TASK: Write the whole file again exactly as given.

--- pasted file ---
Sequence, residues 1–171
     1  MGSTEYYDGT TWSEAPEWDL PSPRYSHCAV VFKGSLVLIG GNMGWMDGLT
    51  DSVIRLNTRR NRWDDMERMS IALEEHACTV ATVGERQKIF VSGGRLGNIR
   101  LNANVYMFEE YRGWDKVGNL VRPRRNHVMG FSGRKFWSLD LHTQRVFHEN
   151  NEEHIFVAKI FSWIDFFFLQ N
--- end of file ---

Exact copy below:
Sequence, residues 1–171
     1  MGSTEYYDGT TWSEAPEWDL PSPRYSHCAV VFKGSLVLIG GNMGWMDGLT
    51  DSVIRLNTRR NRWDDMERMS IALEEHACTV ATVGERQKIF VSGGRLGNIR
   101  LNANVYMFEE YRGWDKVGNL VRPRRNHVMG FSGRKFWSLD LHTQRVFHEN
   151  NEEHIFVAKI FSWIDFFFLQ N